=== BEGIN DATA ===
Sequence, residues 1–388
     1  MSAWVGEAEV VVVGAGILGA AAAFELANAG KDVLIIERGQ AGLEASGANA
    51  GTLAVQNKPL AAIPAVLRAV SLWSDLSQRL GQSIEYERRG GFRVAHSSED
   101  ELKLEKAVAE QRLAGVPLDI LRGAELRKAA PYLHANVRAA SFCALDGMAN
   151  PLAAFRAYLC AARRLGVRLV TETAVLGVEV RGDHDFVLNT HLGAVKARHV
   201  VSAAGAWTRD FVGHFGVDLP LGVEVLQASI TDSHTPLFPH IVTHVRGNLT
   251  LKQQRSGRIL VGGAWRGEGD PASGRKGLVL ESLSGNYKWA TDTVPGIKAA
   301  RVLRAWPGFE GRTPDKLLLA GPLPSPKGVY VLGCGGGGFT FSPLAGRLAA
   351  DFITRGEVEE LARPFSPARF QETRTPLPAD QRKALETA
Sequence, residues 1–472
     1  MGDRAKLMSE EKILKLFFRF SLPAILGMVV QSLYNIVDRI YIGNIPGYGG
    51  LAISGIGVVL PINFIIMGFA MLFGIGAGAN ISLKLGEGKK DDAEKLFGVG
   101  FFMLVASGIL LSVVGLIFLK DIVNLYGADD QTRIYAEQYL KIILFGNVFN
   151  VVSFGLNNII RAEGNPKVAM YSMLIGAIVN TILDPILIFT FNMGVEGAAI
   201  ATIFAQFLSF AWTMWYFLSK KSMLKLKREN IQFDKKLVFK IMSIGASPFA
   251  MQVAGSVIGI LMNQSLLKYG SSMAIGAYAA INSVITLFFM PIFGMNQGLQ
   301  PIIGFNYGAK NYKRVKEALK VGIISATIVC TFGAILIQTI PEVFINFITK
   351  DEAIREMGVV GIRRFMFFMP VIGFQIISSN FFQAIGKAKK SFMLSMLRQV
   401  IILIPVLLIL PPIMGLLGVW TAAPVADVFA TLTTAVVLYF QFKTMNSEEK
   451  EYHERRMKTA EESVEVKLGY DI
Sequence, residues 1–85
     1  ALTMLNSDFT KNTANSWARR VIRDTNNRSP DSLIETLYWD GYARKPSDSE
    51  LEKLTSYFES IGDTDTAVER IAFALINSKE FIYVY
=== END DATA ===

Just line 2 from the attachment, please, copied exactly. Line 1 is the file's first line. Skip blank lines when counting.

     1  MSAWVGEAEV VVVGAGILGA AAAFELANAG KDVLIIERGQ AGLEASGANA